Brexit Preparedness Seminar on Financial Services
Council Working Party(Article 50 Format) 15 November 2018


• 1. Key issues
• 2. What has been done
• 3. Residual sectoral issues
• 4. Additional action and communication
• 5. Looking ahead

Key issues

1) The loss of the EU passport in Financial services
• UK will become a third country and leave the Single Market
• Provision of financial services from the UK will be subject to authorization under EU or national law, depending on the activities undertaken
• EU firms active in UK will be subject to UK rules
• Equivalence that allows firms to provide their services from a third country exists only in a limited number of areas

2) Need to prepare for all possible scenarios
• Transition period only if WA ratified by EU and UK, otherwise treatment as a third country as of 30 March 2019
• Impact on all regulated activities, i.e. most financial services
• Market access may require establishment in the EU (e.g. insurance), authorization under national regimes (e.g. investment services), or
recognition by ESAs after equivalence assessment by the Commission (e.g. clearing services)
• Need to prepare for all scenarios applies to firm providing services on a cross-border basis in both directions

What has been done to address these issues – by industry

1) Responsibility lies first with the industry
• Analysis of legal, regulatory and supervisory implications
• Assess impact on their own business model, especially for cross-border activities
• Application for authorisations where needed
• Transfer of contracts or other action
• Practical steps – office space, IT systems, staff relocation

What has been done to address these issues – by EU institutions and bodies

2) Analysis, communication and exchanges between stakeholders and EU institutions and bodies
• Analysis of legal, regulatory and supervisory implications (including surveys of national frameworks and individual firms)
• Analysis of financial and economic risks (including through the Technical group chaired by the ECB and the BoE)
• Commission notices to stakeholders (February 2018)
• ESAs, ECB and SRB : opinions, guidance, Q&A to NCAs and/or stakeholders
• Continuous exchanges with industry and Member States and between ESAs and NCAs (including via specific platforms)
• COM communications on preparedness and contingency planning of 19 July and 13 November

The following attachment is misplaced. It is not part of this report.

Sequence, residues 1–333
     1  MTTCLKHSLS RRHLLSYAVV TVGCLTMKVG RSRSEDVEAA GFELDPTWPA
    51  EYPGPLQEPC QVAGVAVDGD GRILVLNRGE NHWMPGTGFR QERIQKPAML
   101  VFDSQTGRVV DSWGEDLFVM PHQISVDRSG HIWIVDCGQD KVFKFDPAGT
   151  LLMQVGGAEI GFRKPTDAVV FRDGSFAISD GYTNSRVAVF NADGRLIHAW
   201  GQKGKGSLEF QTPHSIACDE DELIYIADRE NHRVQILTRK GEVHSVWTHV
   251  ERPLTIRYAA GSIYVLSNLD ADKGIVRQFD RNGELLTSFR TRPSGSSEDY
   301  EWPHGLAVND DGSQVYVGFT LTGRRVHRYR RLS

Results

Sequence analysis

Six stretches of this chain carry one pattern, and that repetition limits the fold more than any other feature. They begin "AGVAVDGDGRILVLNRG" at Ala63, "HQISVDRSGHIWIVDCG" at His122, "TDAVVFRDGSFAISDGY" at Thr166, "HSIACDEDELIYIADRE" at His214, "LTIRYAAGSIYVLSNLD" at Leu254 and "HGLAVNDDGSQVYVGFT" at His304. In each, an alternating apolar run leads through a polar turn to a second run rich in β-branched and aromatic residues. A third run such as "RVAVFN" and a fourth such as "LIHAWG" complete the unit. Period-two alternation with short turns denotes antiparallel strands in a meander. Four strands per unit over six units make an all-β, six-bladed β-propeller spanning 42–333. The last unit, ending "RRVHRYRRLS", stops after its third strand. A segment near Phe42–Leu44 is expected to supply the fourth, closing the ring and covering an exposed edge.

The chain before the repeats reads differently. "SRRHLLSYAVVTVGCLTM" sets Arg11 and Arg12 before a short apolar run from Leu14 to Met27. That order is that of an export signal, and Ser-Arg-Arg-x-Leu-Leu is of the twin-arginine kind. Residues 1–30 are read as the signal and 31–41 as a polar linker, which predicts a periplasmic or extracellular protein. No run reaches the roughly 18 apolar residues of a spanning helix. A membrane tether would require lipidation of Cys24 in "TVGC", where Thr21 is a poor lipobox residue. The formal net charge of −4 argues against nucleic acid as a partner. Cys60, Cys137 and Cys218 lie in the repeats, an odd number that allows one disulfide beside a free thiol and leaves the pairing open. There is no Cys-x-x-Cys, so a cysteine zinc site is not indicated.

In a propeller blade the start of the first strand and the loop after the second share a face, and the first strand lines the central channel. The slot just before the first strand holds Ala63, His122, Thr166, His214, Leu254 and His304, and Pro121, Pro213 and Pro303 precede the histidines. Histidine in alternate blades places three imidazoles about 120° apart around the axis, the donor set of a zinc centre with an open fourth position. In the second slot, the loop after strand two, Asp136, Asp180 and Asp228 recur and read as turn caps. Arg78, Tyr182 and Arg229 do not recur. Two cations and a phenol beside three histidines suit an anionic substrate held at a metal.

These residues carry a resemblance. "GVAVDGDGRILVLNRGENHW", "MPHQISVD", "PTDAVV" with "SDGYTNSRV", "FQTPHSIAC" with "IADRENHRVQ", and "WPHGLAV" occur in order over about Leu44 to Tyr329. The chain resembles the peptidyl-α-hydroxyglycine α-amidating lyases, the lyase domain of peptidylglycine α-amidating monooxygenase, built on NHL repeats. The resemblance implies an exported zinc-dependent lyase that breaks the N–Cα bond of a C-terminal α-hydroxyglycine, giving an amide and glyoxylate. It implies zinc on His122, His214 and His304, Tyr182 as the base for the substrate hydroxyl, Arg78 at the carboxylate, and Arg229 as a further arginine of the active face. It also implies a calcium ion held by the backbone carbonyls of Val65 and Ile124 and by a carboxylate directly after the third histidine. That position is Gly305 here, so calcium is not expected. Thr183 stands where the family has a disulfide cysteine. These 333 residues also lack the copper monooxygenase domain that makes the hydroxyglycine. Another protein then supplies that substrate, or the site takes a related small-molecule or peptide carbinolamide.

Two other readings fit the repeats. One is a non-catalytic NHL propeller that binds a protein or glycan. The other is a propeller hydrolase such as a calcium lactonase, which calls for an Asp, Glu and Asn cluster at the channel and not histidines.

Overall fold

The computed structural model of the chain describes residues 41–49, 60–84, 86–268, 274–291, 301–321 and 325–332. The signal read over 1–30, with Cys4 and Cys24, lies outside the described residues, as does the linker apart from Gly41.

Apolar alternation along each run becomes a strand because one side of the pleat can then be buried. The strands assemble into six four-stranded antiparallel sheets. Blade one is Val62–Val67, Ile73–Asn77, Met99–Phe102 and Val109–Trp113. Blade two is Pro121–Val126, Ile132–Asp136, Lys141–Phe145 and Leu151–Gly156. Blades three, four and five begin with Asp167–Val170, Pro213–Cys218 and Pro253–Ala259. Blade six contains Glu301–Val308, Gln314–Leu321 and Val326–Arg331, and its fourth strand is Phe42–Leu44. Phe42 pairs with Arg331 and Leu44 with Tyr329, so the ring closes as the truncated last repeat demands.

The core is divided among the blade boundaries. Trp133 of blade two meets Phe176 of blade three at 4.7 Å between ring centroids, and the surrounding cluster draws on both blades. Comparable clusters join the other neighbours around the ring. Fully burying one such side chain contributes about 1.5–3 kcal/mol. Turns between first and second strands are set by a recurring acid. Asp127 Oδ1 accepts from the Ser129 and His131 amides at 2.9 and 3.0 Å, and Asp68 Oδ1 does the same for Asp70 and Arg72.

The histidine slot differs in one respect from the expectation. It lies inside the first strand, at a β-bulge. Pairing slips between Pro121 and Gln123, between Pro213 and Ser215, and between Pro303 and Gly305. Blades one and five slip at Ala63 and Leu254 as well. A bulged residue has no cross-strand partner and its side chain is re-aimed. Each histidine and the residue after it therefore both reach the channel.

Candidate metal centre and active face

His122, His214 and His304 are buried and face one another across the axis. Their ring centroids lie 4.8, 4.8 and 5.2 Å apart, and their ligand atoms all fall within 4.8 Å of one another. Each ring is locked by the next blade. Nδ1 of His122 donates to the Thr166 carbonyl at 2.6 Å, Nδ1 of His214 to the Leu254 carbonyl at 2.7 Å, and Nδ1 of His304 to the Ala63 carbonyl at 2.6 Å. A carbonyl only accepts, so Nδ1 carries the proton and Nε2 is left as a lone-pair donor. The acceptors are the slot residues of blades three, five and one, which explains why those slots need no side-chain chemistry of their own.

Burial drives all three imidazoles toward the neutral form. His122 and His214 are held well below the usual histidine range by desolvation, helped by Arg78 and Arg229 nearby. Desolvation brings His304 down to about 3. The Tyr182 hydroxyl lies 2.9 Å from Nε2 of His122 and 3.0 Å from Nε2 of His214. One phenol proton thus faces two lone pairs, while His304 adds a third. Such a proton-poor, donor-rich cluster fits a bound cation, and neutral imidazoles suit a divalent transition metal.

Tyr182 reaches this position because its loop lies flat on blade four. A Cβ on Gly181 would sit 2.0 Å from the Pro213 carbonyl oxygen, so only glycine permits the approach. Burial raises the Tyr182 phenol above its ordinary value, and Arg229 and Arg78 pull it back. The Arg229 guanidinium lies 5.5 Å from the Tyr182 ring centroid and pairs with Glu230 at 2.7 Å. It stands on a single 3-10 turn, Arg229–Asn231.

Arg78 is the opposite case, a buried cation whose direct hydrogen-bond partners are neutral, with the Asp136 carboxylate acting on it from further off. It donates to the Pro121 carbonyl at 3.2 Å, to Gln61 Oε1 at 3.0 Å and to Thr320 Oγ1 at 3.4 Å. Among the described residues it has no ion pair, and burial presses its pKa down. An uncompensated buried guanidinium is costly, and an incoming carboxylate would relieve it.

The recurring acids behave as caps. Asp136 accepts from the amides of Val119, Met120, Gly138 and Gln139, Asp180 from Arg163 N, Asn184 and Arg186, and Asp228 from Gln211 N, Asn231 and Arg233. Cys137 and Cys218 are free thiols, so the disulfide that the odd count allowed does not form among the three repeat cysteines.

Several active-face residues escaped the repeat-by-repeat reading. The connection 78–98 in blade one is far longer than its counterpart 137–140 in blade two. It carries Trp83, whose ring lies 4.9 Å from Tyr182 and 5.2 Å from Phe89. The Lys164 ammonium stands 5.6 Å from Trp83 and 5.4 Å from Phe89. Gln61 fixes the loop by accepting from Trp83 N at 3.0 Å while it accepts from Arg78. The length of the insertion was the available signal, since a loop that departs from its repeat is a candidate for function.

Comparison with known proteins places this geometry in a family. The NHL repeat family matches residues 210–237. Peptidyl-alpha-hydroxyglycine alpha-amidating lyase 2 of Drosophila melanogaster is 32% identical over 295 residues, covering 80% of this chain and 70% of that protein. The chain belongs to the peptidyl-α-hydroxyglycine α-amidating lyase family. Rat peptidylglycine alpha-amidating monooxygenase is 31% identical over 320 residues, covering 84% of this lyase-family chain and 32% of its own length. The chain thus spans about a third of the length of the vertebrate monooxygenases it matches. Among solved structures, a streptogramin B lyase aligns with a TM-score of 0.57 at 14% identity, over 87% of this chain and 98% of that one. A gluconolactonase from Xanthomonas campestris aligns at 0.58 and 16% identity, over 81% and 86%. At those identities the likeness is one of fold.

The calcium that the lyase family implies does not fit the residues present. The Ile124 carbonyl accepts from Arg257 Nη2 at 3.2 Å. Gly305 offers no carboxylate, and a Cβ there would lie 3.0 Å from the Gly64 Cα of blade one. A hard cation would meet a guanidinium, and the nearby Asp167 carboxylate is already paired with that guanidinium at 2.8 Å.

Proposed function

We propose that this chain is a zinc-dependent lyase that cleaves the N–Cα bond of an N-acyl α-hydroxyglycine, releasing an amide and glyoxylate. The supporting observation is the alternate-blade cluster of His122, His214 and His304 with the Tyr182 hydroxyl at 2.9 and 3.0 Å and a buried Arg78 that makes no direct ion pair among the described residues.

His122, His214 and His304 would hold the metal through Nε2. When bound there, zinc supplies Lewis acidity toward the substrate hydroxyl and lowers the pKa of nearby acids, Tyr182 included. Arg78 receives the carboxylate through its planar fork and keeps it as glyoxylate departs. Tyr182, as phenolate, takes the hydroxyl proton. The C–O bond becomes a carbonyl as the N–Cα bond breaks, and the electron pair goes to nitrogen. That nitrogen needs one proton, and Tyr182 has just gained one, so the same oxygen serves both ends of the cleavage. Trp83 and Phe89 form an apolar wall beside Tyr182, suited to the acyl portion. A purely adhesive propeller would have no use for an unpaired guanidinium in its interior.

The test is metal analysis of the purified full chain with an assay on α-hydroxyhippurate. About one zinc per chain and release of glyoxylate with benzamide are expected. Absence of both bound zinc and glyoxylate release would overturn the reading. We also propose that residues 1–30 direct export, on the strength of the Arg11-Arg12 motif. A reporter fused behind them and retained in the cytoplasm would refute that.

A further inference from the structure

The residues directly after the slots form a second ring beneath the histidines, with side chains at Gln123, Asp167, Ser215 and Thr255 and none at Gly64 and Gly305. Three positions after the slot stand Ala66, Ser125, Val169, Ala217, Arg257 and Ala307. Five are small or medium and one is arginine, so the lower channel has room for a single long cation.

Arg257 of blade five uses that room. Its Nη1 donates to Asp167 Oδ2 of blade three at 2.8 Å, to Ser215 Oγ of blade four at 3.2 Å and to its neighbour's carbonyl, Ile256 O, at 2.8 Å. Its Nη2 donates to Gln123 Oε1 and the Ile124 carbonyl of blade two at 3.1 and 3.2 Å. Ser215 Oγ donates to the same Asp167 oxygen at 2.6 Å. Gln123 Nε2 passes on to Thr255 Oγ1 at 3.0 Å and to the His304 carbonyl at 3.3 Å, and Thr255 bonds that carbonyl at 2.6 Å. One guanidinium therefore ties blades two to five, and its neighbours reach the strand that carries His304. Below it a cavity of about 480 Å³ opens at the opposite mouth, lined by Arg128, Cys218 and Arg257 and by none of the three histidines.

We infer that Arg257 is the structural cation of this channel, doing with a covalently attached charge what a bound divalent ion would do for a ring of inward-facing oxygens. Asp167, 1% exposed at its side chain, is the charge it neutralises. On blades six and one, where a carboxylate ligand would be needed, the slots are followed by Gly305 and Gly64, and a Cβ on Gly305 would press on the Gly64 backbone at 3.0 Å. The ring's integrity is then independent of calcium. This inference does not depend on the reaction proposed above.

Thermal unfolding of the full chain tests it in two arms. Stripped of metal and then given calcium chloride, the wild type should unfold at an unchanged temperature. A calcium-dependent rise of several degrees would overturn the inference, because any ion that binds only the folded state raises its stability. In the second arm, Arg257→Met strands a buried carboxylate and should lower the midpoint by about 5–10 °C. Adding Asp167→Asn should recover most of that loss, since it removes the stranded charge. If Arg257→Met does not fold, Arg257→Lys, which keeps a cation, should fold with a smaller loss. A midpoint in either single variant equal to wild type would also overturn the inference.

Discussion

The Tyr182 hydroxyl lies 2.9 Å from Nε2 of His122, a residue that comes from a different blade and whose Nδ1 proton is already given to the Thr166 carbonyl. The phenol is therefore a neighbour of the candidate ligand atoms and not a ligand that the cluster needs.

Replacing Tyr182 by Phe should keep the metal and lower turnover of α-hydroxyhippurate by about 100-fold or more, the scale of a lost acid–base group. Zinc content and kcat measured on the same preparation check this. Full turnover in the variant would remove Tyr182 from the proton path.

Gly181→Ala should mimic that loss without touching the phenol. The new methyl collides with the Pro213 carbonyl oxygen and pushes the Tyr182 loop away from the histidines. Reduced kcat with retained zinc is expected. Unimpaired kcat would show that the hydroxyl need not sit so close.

Residual sectoral issues 1:

Central clearing (1/2)
1) Role of Central Clearing counterparties (CCPs)

• A CCP centralises transactions and reduces
(i) credit risk
(ii) liquidity risks
(iii) operational risks
2) G20 commitments and the EMIR framework
No centralcounterparty
With a central counterparty
Default Management :the waterfall
Defaulting member’s margins
Defaulting member’s contribution to default
Skin in the game
Default fundCash calls

Residual sectoral issues 1: Central clearing (2/2)

1) High reliance on UK CCPs
• Most derivatives cleared in UK CCPs; no alternative CCPs in some segments
2) Industry preparation
• EU27 clearing members are securing access to alternative CCPs; off-boarding of EU27 clearing  members in an uncoordinated closing-out/in the short period ahead of Brexit would create financial stability risks
3) Short term mitigating measures
• Time-limited and strictly conditional Commission equivalence decision and temporary recognition by ESMA: under existing framework; can be implemented at short notice by end of March 2019; ESMA to startdiscussions with UK CCPs

Residual sectoral issues 2:

Uncleared OTC derivatives (1/2)

1) What are we talking about
• Key role of OTC derivatives for hedging risks (FX, interest rate, credit risk…)
• Important for financial institutions/intermediaries, as well as for the real economy
• The volume of contracts with EU27 and rest of the world counterparties is about twice the size of the market with UK counterparties, and increasingly important for EU27
2) Consequences of the loss of passporting rights
• UK counterparties will face 27 different frameworks after Brexit: national third country regimes kick-in automatically, including for life-cycle events on legacy contracts:
• Contracts remain valid and, as a general rule, can be executed until maturity
• Life-cycle events, like new contracts, may require authorisation under national regimes

Residual sectoral issues 2:

Uncleared OTC derivatives (2/2)
3) Short-term implications: no EU regulatory measures needed on Brexit date
• No cliff-edge risk nor risk of mass termination: contracts remain valid and can be held until maturity
• Various strategies can be implemented by market participants to deal with legacy contracts
• EU players do not depend on UK institutions to hedge their risks
• MS to process requests for authorization/exemption where required and coordinate with ESMA

4) Additional measures to smoothen adaptation in case of no-deal
• Targeted amendments to delegated regulations (RTS from ESAs) could extend the existing grandfathering of derivative contracts under EMIR (exemptions from the clearing obligation and
from bilateral margin requirements) to those novated from the UK to the EU27

Residual sectoral issues 3:

Insurance (1/2)
1) What is the issue?
• Cross-border provision of insurance services from the UK no longer authorised after Brexit